Texas, in the southern United States, executed its oldest death row inmate on Thursday, more than thirty years after the murder of which he was convicted, despite appeals for clemency from opponents of the death penalty. Carl Buntion, 78, received a lethal injection at 6:24 p.m. local time in Huntsville, Texas jail before he was pronounced dead at 6:39 p.m., according to a Texas Corrections Service document.
“I am remorseful for what I did,” Carl Buntion said in his final words, “I’m ready to go. A “spiritual advisor” was able to be at his side and touch him during the execution, authorities said, a first in Texas.
In front of the high red brick walls of the prison of Huntsville, some demonstrators shouted “the execution is not the solution”, while tens of people had gathered for, on the contrary. The family of the victim, a policeman, was also present. Carl Buntion’s lawyers had indicated that they had filed a final appeal with the United States Supreme Court, without success.
Carl Buntion’s defenders no longer sought to prove his innocence. But in Texas, a large state in the conservative South, the one that executes the most in the United States, a person can only be sentenced to death if a jury judges that he represents a future danger to others. However, Carl Buntion, who suffered in particular from osteoarthritis, dizziness, hepatitis and cirrhosis, could “no longer be dangerous”, had pleaded his lawyers in an appeal, since rejected, with the commission of pardons and releases Texas conditionals.
Locked up 23 hours a day
In June 1990, this man, raised by an alcoholic and violent father, had already been convicted 13 times and was on parole for a sexual assault on a child. During an intervention for a common traffic violation in Houston, Carl Buntion had shot and killed policeman James Irby. Sentenced to the death penalty, he had seen this verdict overturned in 2009 by the highest Texas court, which considered that the defense had not been able to be properly heard by the jurors. But in 2012, he was again sentenced to death.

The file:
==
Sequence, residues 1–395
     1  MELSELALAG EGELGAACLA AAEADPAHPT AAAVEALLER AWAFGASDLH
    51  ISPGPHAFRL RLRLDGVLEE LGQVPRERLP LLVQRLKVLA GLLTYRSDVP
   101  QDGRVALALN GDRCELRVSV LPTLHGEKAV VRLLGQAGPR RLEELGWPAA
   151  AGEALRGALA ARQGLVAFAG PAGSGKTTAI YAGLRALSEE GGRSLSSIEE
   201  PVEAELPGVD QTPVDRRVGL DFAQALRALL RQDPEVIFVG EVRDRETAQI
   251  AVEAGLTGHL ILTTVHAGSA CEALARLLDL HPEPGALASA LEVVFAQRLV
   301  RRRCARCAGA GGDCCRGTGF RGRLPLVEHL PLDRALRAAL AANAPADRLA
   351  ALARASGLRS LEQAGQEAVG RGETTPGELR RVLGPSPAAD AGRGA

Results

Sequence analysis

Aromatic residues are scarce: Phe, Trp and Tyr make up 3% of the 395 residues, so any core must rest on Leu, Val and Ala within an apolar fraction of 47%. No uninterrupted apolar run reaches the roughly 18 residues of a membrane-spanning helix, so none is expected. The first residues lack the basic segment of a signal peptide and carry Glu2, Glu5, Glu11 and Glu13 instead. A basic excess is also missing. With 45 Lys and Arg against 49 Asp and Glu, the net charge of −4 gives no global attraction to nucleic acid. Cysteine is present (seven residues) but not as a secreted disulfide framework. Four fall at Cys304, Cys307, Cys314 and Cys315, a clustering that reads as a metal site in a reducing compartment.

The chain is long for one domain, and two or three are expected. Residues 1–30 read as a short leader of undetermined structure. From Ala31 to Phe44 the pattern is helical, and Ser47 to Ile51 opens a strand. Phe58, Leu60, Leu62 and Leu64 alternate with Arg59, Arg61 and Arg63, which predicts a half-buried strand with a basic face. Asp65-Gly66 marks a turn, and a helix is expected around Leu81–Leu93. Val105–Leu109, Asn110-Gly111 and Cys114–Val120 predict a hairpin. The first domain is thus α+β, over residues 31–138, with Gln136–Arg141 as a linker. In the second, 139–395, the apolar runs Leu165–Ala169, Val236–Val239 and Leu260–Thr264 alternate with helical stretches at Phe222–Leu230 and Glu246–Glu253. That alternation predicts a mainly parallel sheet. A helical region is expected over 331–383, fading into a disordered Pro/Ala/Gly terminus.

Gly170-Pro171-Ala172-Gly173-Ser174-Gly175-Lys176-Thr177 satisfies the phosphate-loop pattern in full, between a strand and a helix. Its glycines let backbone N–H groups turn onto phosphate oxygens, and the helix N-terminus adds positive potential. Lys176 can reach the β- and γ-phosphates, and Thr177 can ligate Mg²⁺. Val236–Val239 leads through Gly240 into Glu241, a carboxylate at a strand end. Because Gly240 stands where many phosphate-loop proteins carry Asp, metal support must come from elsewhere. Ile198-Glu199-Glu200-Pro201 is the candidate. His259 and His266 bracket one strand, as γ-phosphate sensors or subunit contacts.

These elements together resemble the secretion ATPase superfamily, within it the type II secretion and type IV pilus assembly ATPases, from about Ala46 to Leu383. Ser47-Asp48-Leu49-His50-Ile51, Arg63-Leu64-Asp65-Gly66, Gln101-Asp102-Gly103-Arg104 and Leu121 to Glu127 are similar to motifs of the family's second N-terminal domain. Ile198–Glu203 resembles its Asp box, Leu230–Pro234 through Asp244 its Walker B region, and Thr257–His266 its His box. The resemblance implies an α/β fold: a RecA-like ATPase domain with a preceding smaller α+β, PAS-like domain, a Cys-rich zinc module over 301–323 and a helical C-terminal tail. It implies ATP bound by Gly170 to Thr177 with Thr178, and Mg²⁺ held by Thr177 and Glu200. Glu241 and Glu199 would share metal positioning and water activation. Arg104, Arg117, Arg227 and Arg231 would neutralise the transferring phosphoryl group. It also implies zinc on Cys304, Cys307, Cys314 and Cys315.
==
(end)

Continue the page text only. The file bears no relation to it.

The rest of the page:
Carl Buntion had been isolated in his cell 23 hours a day for 20 years. Last year, the US Supreme Court refused to reverse his conviction, but the progressive judge Stephen Breyer considered that the duration of his confinement called “into question the constitutionality of the death penalty”.
Execution postponed at the last moment in Tennessee
Tennessee, which was also set to put its oldest inmate to death on Thursday, postponed the execution at the last moment, according to a tweet from state governor Bill Lee. The latter announced Thursday afternoon that the execution of Oscar Smith would not take place in the evening “due to an oversight in the preparation of the lethal injection”, granting a “temporary reprieve” the time to settle the matter.
Oscar Smith, 72, was convicted of the 1989 murder of his estranged wife and her two sons. All of Oscar Smith’s appeals had been rejected so far. His lawyers had made a final appeal to the Supreme Court. “After a thorough review of Oscar Smith’s clemency application and a careful review of the case, the sentence from the State of Tennessee will stand and I will not intervene,” Bill Lee said on Tuesday. A decision then deemed “extremely disappointing” for Oscar Smith’s lawyer. The latter “claims his innocence for more than thirty years”, told CNN Amy Harwell, who claims that new DNA analysis techniques on the murder weapon prove his denials.
In Texas, the execution of Carl Buntion should be followed by that, scheduled for April 27, of Melissa Lucio, accused of having killed her 2-year-old daughter in 2007. Sentenced after a controversial trial, she is supported by many elected Democrats and Republicans, as well as reality TV star Kim Kardashian, who helped publicize what his defenders call a miscarriage of justice.